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Successful results for 'Stamp Out Hunger'

Successful results for 'Stamp Out Hunger'

The annual food drive of the National Association of Letter Carriers (NALC) collected almost 71 million pounds of food to help restock food banks, pantries and shelters around the country, an impressive result made all the more necessary by the extreme weather experienced by much of the country, along with the economic struggles many Americans face.

The effort on Saturday, May 9, gathered 70.6 million pounds of food, marking a dozen consecutive years in which the NALC drive has surpassed 70 million pounds of food collected. Several local NALC branches still are compiling their figures.

This year’s results bring the total to more than 1.4 billion pounds since the drive began in 1992.

“This shows the value of the universal postal network, which goes to more than 150 million addresses six days a week,” NALC President Fredric Rolando said. “It also shows the strong connection between letter carriers and the communities they serve, a unique bond that serves the nation well.”

The nation’s largest single-day food drive, the NALC effort is held annually on the second Saturday in May in 10,000 cities and towns in all 50 states, the District of Columbia, Puerto Rico, the Virgin Islands and Guam. From major metropolitan areas to small rural towns, residents put out on that day non-perishable food donations that letter carriers collect as they deliver mail along their postal routes.

“Six and even seven days a week, letter carriers see first-hand the needs in the communities where we work,” President Rolando said, “and we’re committed to helping meet those needs.”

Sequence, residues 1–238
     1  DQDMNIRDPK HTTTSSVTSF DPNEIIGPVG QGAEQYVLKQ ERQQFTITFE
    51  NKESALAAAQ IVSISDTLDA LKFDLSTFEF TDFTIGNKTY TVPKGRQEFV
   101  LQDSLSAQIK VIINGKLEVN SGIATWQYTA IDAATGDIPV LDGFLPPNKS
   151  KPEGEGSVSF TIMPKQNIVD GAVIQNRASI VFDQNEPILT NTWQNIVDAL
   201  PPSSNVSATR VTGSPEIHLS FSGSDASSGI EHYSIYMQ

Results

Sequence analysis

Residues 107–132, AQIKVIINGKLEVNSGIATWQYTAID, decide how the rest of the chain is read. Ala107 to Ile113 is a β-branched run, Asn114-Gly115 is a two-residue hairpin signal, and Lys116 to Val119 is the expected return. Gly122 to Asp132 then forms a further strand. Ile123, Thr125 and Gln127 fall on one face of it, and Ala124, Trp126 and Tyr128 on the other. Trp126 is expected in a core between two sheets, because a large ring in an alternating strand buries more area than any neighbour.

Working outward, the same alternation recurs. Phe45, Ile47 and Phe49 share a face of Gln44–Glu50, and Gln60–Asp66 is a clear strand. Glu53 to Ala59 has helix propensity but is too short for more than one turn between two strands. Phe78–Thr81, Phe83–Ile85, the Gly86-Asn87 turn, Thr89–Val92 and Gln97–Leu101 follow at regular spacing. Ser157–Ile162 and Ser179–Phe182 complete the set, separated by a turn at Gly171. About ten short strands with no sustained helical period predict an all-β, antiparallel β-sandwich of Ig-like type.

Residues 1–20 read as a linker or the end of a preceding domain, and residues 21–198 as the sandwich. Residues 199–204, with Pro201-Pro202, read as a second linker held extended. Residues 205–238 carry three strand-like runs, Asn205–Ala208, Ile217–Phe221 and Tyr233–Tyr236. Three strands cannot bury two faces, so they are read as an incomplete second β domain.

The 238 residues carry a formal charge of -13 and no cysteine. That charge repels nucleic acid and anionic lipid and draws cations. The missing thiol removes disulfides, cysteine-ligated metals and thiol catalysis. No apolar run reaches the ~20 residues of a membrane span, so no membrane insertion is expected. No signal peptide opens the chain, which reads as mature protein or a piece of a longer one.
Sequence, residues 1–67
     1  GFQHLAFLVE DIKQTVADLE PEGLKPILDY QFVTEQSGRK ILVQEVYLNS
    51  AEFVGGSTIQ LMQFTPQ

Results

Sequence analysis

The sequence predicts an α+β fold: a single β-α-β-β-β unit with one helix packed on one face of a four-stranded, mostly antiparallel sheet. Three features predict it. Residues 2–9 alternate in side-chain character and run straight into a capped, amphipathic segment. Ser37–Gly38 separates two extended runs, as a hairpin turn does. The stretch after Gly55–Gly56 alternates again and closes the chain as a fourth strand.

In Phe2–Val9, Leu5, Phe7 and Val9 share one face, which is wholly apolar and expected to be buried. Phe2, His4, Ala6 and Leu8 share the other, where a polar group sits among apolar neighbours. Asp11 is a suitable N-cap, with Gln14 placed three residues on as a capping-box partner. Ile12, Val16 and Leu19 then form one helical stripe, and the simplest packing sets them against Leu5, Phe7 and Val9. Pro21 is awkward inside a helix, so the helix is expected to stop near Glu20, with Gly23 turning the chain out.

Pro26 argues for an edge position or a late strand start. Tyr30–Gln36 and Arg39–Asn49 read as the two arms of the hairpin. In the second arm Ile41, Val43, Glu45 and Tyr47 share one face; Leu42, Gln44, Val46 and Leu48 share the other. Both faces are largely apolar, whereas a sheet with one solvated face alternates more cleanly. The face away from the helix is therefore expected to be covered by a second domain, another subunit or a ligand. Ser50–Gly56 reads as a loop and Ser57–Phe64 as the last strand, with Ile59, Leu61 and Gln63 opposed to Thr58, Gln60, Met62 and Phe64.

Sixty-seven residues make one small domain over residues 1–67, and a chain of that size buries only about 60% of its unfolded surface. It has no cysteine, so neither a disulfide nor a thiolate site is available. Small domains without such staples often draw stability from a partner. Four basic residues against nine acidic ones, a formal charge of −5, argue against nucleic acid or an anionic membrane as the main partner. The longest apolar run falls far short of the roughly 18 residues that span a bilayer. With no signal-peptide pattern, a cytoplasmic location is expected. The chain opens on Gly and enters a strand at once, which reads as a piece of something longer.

Hunger affects about 49 million people around the country, including millions of children, senior citizens and military veterans. Far too many people remain unemployed or underemployed and need food assistance, and so pantry shelves filled up through winter-holiday generosity often are bare by late spring. And with most school meal programs suspended during summer months, millions of children must find alternate sources of nutrition.

Rolando praised the contributions of the various organizations that helped the nation’s active and retired letter carriers in the food drive. Carriers brought the food to local food banks, pantries or shelters, including many affiliated with Feeding America, which was a national partner in the drive, as were the U.S. Postal Service, National Rural Letter Carriers’ Association, the AFL-CIO, United Way Worldwide, Valpak and Valassis.

A branch-by-branch breakdown of results will appear in the July Postal Record magazine.